CHAIRMEN BURR AND MCCAIN ENHANCE COUNTERRORISM TOOLS TO TARGET LONE WOLF ATTACKERS, VOTE EXPECTED TOMORROW
Washington, D.C. – U.S. Senators Richard Burr (R-NC), Chairman of the Senate Intelligence Committee, and John McCain (R-AZ), Chairman of the Senate Armed Services Committee, joined Senate Majority Leader Mitch McConnell (R-KY) and Senators John Cornyn (R-TX), Jeff Sessions (R-AL) and Tom Cotton (R-NC) late yesterday in filing an amendment to the Commerce, Justice, Science Appropriations Act that would clarify the authorities of the Federal Bureau of Investigations (FBI) to allow it to obtain electronic communication transactional records in the course of security investigations. The amendment would also make permanent existing authorities under the Foreign Intelligence Surveillance Act that allow for the monitoring of non-U.S. citizen “lone wolf” attackers who do not have direct connections to foreign terrorist organizations. A vote on the Burr-McCain amendment is expected in the Senate tomorrow.
"The United States needs a comprehensive way to battle the clear threat of lone wolf terrorists,” said Senator Burr. “This amendment gives the intelligence and law enforcement communities the tools they need to effectively combat this increasingly frequent threat to the American people. This commonsense amendment includes a proposal that the Administration asked for to enhance law enforcement's abilities to catch terrorists, and Congress should give them that tool.”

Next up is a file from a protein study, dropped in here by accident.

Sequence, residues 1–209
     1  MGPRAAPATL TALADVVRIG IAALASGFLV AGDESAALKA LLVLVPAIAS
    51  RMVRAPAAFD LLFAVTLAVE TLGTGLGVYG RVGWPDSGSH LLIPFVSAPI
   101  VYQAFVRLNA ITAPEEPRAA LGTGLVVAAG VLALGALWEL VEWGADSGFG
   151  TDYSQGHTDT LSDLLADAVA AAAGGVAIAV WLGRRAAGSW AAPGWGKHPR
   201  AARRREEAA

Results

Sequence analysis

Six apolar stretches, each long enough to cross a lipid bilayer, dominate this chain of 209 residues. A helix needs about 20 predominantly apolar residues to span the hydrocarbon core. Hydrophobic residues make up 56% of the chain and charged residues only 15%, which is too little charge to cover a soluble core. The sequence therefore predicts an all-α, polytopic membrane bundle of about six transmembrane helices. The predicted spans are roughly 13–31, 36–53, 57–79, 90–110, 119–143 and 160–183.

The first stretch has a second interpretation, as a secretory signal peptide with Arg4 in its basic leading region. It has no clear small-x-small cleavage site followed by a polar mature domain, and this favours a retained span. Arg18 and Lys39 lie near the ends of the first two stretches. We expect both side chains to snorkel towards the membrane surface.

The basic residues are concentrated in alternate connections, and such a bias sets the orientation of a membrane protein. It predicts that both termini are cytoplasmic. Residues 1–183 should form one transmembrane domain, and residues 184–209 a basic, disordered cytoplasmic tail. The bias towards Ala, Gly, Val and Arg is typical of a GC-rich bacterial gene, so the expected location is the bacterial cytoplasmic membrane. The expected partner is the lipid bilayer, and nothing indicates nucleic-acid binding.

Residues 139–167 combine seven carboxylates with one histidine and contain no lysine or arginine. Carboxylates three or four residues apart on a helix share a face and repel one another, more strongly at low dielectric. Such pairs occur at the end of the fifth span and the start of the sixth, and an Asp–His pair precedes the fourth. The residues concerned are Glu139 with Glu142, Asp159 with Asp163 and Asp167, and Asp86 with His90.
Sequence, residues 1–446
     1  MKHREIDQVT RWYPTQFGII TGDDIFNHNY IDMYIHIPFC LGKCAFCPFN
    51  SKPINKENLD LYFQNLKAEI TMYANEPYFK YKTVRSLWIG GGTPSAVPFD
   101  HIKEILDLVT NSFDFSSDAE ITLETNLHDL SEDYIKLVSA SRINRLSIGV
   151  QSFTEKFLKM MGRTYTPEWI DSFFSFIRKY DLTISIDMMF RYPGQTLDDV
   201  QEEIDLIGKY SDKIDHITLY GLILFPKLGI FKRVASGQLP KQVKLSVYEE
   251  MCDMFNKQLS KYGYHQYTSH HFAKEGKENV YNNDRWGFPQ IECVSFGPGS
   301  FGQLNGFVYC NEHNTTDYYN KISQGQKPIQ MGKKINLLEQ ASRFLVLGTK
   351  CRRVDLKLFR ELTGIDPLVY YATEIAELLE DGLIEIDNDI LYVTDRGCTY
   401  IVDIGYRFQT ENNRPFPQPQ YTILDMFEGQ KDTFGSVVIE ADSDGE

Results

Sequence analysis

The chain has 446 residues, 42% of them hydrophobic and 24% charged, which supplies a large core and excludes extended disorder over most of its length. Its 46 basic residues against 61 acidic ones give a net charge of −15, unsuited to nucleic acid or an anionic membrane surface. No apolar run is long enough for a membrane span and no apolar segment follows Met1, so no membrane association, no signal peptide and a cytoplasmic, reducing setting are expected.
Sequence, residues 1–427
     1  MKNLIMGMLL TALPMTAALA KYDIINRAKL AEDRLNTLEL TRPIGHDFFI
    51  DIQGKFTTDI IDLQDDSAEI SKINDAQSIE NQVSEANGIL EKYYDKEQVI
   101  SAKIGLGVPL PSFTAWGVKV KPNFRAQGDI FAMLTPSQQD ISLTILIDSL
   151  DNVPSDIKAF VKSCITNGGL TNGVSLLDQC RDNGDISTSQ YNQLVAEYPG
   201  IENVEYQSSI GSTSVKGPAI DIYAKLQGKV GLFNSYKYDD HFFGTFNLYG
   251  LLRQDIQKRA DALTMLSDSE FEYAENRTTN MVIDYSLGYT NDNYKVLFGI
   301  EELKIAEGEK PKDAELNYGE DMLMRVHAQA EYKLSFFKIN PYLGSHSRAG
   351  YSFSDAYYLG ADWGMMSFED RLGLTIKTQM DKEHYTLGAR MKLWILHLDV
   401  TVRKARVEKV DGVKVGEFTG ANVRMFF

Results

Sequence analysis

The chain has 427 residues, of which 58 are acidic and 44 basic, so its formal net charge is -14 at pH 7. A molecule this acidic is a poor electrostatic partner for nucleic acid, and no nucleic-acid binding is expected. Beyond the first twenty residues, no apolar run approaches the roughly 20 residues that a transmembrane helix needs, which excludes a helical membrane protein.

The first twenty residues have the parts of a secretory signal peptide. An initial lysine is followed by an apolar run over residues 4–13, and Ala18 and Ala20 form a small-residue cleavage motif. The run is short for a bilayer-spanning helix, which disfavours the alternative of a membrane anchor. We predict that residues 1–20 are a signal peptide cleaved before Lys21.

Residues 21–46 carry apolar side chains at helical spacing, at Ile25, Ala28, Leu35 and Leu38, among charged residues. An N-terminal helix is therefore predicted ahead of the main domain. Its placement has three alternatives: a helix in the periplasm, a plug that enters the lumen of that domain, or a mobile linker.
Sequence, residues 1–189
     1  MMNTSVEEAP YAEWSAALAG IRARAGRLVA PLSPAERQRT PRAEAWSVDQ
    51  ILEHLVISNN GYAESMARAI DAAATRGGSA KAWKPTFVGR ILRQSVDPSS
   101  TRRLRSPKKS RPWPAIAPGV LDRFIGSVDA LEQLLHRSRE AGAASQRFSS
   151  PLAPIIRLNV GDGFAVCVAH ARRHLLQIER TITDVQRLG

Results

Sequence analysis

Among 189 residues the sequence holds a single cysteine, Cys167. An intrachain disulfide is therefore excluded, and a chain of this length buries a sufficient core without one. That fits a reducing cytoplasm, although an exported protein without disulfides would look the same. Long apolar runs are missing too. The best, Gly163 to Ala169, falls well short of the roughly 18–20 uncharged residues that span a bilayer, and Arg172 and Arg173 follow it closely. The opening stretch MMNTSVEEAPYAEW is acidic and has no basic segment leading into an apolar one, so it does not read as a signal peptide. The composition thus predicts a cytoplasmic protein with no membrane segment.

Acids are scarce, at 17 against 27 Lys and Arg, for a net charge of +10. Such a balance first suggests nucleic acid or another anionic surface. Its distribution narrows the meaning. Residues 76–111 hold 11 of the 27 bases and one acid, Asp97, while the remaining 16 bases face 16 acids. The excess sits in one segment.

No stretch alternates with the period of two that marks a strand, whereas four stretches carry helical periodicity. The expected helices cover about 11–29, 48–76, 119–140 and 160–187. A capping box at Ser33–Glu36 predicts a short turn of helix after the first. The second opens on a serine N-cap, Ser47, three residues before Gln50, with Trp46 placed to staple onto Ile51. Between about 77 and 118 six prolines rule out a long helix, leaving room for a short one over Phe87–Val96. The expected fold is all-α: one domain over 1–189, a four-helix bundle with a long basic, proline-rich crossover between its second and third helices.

“In the wake of the tragic massacre in Orlando, it is important our law enforcement have the tools they need to conduct counterterrorism investigations and track ‘lone wolves,’ or ISIL-inspired terrorists who do not have direct connections to foreign terrorist organizations but who seek to harm Americans,” said Senator McCain. “My amendment would do just that by enacting the ‘ECTR Fix,’ which would allow the FBI to obtain non-content electronic communication transaction records to investigate suspected terrorists, and by allowing our law enforcement to combat ‘lone wolves.’ To be clear, this amendment would not allow the FBI access to the content of private messages, but will only allow law enforcement to look at non-content electronic communication transactional records in the course of a national security investigation, such as how much time a suspicious individual spends on a website. I look forward to working with my Republican and Democratic colleagues to pass this amendment.”
The amendment is here.
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